The hardest thing about being in politics is the politics. Truthfully, it’s not something I have much of a tolerance for. I’m an ideas man. I see a problem and I want to fix it. I like logic and honesty, which may sound like an odd thing to have to say, but you’d be surprised how many people these days seem to lack both completely or just don’t have the time for them. What I don’t have time for is games—they serve no one and they have no place in serving the public.
People today are looking for real leadership—maybe in part because it seems to be so sorely lacking from so many politicians or would-be politicians at all levels of our government. The people we serve need substance. Not empty accusations. Not grandstanding for the sake of show. Not whining about problems without offering solutions. And not making up facts when the mood strikes.
The truth is, in Monmouth County we’re providing that leadership. We’re making the tough decisions. We’re partnering with our municipalities to fix problems. And we’re getting things done.
In the last month and a half, our Public Works team has sprung into action on two separate occasions to perform emergency repairs to two county bridges after unforeseen incidents necessitated immediate repair work to ensure safe travel. In both instances, the repairs were completed ahead of schedule by at least two weeks, significantly reducing the impact on local residents who were inconvenienced by the closures.
Last month, our Board of Chosen Freeholders passed a resolution which dissolved the Monmouth County Mosquito Extermination Commission. Since its inception in 1914, the Mosquito Commission has provided a much needed function for the County in keeping pesky mosquitoes at bay and lowering the spread of insect-borne disease. But as a semi-autonomous authority, the structure of the Commission meant duplicative services and waste.
By dissolving the Commission, we’re bringing the functions of mosquito extermination in-house, under direct County supervision, without the go-between of a separate Commission. The necessary work still gets done. But the waste is gone. The processes and procedures are streamlined.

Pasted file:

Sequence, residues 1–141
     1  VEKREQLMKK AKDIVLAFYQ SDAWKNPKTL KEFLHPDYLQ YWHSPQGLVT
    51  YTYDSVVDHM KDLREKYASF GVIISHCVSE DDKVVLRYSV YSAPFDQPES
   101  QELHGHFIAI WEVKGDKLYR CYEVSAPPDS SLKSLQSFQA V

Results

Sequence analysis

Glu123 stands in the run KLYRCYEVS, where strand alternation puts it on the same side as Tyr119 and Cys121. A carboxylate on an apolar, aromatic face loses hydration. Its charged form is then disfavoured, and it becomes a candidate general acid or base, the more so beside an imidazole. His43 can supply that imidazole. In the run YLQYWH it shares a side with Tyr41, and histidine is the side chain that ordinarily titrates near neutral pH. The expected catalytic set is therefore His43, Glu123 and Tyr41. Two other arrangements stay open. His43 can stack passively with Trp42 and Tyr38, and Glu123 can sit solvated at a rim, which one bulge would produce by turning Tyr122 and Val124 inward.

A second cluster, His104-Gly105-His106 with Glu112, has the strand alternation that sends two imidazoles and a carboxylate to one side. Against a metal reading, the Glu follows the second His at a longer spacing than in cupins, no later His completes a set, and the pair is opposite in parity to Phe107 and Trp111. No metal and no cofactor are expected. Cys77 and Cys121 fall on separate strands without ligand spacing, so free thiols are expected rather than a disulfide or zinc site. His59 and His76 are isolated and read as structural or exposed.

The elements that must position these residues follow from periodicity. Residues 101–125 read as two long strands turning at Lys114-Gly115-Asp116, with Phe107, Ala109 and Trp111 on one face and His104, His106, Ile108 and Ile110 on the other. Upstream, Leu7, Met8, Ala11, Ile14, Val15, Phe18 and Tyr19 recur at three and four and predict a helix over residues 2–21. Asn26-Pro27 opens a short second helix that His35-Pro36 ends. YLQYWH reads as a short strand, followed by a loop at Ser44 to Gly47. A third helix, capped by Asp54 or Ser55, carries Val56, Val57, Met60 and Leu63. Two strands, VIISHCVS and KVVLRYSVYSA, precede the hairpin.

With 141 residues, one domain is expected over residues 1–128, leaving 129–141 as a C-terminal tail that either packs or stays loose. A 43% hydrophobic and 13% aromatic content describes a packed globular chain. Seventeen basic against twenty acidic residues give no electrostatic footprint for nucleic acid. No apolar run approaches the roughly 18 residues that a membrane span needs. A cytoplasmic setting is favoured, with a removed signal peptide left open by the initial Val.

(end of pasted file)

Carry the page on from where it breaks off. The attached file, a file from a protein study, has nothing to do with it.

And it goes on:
Oh, and by the way, the County was able to recoup $421,000 in one fell swoop by auctioning off the Mosquito Commission’s Jet Ranger Helicopter in favor of sharing one existing helicopter for both shade tree and mosquito extermination.
It’s the kind of logical, sensible and beneficial consolidation that we’re looking to pursue in all areas of the County. Not just consolidation for the sake of consolidation. But real, productive consolidation that eliminates redundancy, saves time, streamlines processes, and keeps more money in our taxpayers’ pockets.
I recently had the opportunity to present a proclamation to a group of our Monmouth County lifeguards who just took home the national championship at the Nautica USLA Lifeguard Championships in Virginia Beach. They wrested the title from the Los Angeles team who had captured the overall team title for the last 27 years. Talk about leadership. When someone’s life is truly in your hands, there’s no room for nonsense. No amount of bull will help you through. You have no choice but to put in the work and persevere with dogged determination.
That’s the same kind of leadership I want in my elected officials, and it’s the kind you should, too. I may not be a lifeguard (I promise you will never find me in a pair of red swim trunks at a Freeholder Meeting—you’re welcome) but I don’t take lightly the idea that in many ways your lives are in my hands. That’s why I skip the politics. No nonsense. No bull.
Gary J. Rich, Sr.
Monmouth County Freeholder